Last week’s column covered the story of the completion of the Conestogo Dam up to the spring of 1958. The dam was in service to retain that year’s spring runoff, but it was not much of a test. The runoff in 1958 was one of the lightest in years.
There were no major problems with the structure, and the reservoir continued to fill slowly through the late spring and early summer of 1958. Troubles, though, continued to plague the Grand River Conservation Commission. Their biggest foe, Maryborough Township, had been more or less placated, but Reeve Phil Rowland was still not happy with the project that had more or less severed his township.
Meanwhile, completion of the road work in the area continued well into 1958. There was still some heavy construction to complete, including the raising of a couple of bridges, and a great deal of paving to do.
A new municipal critic emerged early in the year. The town of Fergus objected to its assessment to cover a portion of the operating costs of the dam, on the grounds that the town upstream on the Grand River, derived no benefit from it.
A bigger battle involved the GRCC’s sister organization, the Grand Valley Conservation Authority, which had jurisdiction over the land surrounding the reservoir. The GRCC had surveyed several hundred cottage lots and began leasing them in 1957, but stopped when the GVCA raised several legal issues. The provincial government intervened, requesting that no new structures go up until everyone agreed on a comprehensive land use plan. The standoff continued through 1958.
Some cottages had already gone up during 1957, though owners were not entirely sure of the eventual location of the shoreline of Lake Conestoga, as the future reservoir was being called. In some cases, access to roads still had to be worked out with the Conservation Authority and private land owners. Several charitable organizations were looking at the area, with plans for children’s summer camps.
More than a few people had already submitted applications for cottage building permits to Maryborough council. On hand were 379 applications for the 509 proposed cottage lots. The township, which was completing its first building bylaw, was unable to comply.
The township had received no street plan of the proposed cottage grounds. Officials could not issue a permit under those conditions.
GRCC directors and staff met with provincial officials during the summer, culminating with a joint meeting of all concerned on Oct. 6. There was plenty of talk but no resolution of the jurisdictional issues. In the interest of fairness, the GRCC issued refunds to all those who had put down payments on their lots.
At its board meeting on Oct. 29, the GRCC voted to seek a legal opinion to deal with the land matters. The Commissioners themselves were hardly of one mind on the matter. Several believed that the number of cottages should be severely limited, and the bulk of the land surrounding the lake should be devoted to reforestation. They feared that eventually they would face the unattractive prospect of wall-to-wall cottages all around the lake.
Totally frustrated with progress, the GRCC at its monthly meeting on Oct. 29 resolved to seek a legal opinion, and press on if possible with its plans for the dam and lake and the surrounding land.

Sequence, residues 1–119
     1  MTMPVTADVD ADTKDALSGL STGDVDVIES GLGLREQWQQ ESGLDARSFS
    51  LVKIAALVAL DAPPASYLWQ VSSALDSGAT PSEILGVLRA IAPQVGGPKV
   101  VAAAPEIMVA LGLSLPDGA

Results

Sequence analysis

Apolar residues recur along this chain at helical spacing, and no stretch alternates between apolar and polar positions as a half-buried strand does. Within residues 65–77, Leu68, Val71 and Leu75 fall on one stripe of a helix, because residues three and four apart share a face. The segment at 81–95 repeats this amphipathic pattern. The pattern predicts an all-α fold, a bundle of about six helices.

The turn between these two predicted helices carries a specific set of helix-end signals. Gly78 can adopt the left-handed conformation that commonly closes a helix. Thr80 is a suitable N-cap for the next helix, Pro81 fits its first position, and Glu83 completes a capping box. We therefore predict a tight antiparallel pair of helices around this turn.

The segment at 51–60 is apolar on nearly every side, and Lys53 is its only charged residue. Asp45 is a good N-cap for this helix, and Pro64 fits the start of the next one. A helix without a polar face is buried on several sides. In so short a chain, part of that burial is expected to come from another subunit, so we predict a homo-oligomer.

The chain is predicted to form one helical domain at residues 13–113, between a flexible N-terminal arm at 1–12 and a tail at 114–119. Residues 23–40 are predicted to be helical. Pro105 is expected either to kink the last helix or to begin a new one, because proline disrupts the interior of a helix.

With the standoff between the GRCC and the GRCA, and ill will continuing with some of the others involved in the project, the official completion date of Oct. 15, 1958 came and went with no ceremony, quite in contrast to the official opening of the Shand Dam 16 years earlier, when Premier Mitch Hepburn had officiated. During 1958m the lake came nowhere near to its maximum capacity of 45,000 acre-feet, which was about 10% less than Lake Belwood.
At the GRCC annual meeting on Feb. 20, 1959, chairman Marcel Pequegnat reported that during 1958 the lake had contained insufficient water to augment the flow of the Conestogo River. The GRCC had concluded its negotiations with Wellington County and Maryborough Township over road matters during 1958, he reported, but the cottage issue remained to be sorted out. He and the directors had succeeded in getting the provincial government to amend the powers and jurisdiction of the Grand River Conservation Commission to permit the cottage issues to be resolved.
Most of the outstanding issues regarding the cottage and land use issues were sorted out during 1959. There never was a big opening or dedication ceremony. One of the indirect outcomes of the political and jurisdictional problems was the combination of the two agencies, the GRCC and GVCA, into the present Grand River Conservation Authority, with jurisdiction over all matters pertaining to the Grand River system and conservation matters within the watershed.
In 1983, on the 25th anniversary of the dam, the GRCA co-operated with local municipalities for a weekend-long celebration. By then, most of the earlier animosity had evaporated, and the political players of 1958 were out of public life. The celebrations were very successful, and there was even talk of making the event an annual affair.
The low water levels of 1958 had emboldened the critics of the project. They claimed that they had been correct in denouncing the dam from the beginning, and that the lake would never fill or be effective in smoothing the flow of the Conestogo.
But in subsequent years, conditions amply justified the project. Its capacity to hold back flood waters returned its cost many times over the next half-century.